Nagios: Sending SMS notifications through gsmsmsd

Critical, that’s a point you would not ever want to reach. Monitoring is all, or quite all, on recovering a situation before it becomes a problem.

When it becomes a problem, you must move quickly and solve the issue.

So,  when you have a problem, we do not need a genius, we need flat, plain procedures which help you to undestand that

  1. There’s a problem
  2. How fast you need to move
  3. How to solve it

To help you to understand the severity of a problem, there’s a common practice: what is really critical to you business must be notified with a less used, probably more expensive channel. So, using sms adresses these needs. Reading and dealing with a SMS text message is far more unconfortable than working with emails, but reaches you in a more pervasive way than other channes. Sending emails is virtually free of costs, SMS costs. So, you use sms just to read important messages, your daddy who want’s to know where you are, the one you love who reminds  you about buyng milk coming back home, your dear Nagios alerting you on a CRITICAL, really critical problem on you IT infrastructure.

On the SMS server side

So, let’s start with the sms server part. On the server you must be sure that gsmsend is always on, watching the right directory and with its hands (doh, does gsmsend has hands?) on the terminal connected to the sms modem (I used a Fastrack Supreme 10, serial, for this post).

If you issue a command like

ps ax | grep gsmsmsd

you should see something like:

/usr/bin/gsmsmsd -d /dev/ttyS0 -s /var/spool/sms/

How to reach this goal? Simple, let’s have a look to the root user crontab:

crontab -l root

And here’s what we can see:

* * * * * /usr/local/sbin/check_gsmsmsd

Using the following chart, it’s easy to undestand what we found in the crontab.

 # * * * * *  command to execute
 # │ │ │ │ │
 # │ │ │ │ │
 # │ │ │ │ └───── day of week (0 - 6) (0 to 6 are Sunday to Saturday, or use names; 7 is Sunday, the same as 0)
 # │ │ │ └────────── month (1 - 12)
 # │ │ └─────────────── day of month (1 - 31)
 # │ └──────────────────── hour (0 - 23)
 # └───────────────────────── min (0 - 59)

“Execute /usr/local/sbin/check_ gsmsmsd every minute”.

As you can undestand from its name, it is in charge of check if gsmsmsd is running and relaunch it if necessary.

cat /usr/local/sbin/check_gsmsmsd

And here’s its content:

#!/bin/sh
if pidof gsmsmsd > /dev/null
then
    logger gsmsmsd is running
    exit 0
else 
    logger gsmsmsd is not running, restart forced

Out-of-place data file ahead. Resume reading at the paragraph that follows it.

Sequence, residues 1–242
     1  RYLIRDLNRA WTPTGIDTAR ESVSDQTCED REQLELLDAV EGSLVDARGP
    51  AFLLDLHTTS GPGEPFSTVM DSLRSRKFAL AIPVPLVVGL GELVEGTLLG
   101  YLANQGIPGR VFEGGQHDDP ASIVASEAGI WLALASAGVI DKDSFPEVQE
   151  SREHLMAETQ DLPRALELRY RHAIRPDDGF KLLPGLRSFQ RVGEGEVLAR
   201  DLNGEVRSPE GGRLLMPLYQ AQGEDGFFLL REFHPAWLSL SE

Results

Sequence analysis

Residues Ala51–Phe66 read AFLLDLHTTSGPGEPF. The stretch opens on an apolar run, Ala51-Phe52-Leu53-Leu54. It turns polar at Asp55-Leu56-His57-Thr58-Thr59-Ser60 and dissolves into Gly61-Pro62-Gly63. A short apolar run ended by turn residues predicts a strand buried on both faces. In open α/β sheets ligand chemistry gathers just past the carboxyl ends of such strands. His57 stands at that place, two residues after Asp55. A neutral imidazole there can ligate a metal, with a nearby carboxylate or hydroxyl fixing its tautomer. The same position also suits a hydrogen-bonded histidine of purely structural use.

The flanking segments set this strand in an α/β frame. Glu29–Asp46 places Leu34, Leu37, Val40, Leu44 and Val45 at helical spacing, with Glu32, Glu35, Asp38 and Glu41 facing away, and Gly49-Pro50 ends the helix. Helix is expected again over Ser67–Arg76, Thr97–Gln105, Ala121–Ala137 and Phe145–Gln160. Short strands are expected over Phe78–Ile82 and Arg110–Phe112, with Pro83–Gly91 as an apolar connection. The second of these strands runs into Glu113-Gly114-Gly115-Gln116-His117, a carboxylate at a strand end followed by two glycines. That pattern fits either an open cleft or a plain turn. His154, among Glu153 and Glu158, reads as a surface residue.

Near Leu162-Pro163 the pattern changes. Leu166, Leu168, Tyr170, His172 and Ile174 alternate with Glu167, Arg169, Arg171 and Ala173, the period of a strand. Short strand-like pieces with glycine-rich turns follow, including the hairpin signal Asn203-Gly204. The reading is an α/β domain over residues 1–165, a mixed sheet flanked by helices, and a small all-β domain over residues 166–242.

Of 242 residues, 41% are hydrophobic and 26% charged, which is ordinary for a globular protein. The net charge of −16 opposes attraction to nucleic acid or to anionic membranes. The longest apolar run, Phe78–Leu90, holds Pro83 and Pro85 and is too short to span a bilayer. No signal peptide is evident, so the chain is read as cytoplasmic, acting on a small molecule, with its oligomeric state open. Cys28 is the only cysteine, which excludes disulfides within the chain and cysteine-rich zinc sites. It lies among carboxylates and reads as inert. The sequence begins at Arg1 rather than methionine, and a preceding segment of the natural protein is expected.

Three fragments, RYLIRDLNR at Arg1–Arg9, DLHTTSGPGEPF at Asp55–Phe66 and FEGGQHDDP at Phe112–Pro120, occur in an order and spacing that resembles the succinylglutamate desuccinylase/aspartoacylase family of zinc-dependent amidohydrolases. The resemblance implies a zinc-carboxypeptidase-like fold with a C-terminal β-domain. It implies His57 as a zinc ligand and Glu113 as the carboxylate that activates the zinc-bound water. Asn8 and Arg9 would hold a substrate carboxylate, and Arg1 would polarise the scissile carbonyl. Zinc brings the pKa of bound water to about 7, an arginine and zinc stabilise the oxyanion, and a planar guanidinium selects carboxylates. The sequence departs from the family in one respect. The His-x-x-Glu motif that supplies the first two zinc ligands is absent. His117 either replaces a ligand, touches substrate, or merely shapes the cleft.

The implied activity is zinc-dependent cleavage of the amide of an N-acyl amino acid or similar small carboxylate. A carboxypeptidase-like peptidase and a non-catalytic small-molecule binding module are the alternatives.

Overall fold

rm -fr /var/spool/sms/* 
    /usr/bin/sudo -u gsmsend /usr/bin/gsmsmsd -d /dev/ttyS0 -s /var/spool/sms/  &
fi

Nothing special: the script checks wether the pid of gsmsmsd proces exists or not. If it exists, exit nicely logging that the daemon is running, else it logs that the daemon is not working, remove any contents from the sms spool directory and launches gsmsmsd as user gsmsend with the device on ttyS0 and the sms spool directory in /var/sms.  Not the “&”, the process is being detached from the terminal.

Do we have the sms spool directory? Bet not, in this case, let’s create it:

mkdir -p /var/spool/sms/

Now, let’s be sure that the user the gmssend daemon belongs to is able to read and write on that directory:

chown gsmsend. /var/spool/sms/

We have no more to do on the sms server side. Time to go on Nagios server.

On the Nagios server side

Here is the actual Nagios notification plugin. Use it as the notification plugin for you sms host and service contact.

Let’s give a look at the plugin:

#!/bin/bash

# Few lines coded by Giorgio Zarrelli zarrelli@linux.it- 
# 2014.
# This nagios plugin is free software, and comes with  
# ABSOLUTELY NO WARRANTY. It may be used, redistributed   
# and/or modified under the terms of the GNU General 
# Public Licence (see 
# http://www.fsf.org/licensing/licenses/gpl.txt).

CAT=$(which cat)
TR=$(which tr) 
FOLD=$(which fold)
HEAD=$(which head)

The first lines,  start with the shabang and few command substitutions that will auto configure the script finding the right paths to the system utilities we are going to use.
The following line will create a (pseudo) random string. On the sms server we will have to create a file containing the actual sms message and number, and each file must have a unique file name to avoid “collisions”.

RANDOM_STRING=$($CAT /dev/urandom | $TR -dc 'a-zA-Z0-9' | $FOLD -w 32 | $HEAD -n 1)

/dev/urandom is character special device which gives access to the random numer generator of the kernel. With the string we wrote, we have a command substitution a bit more complex than usual: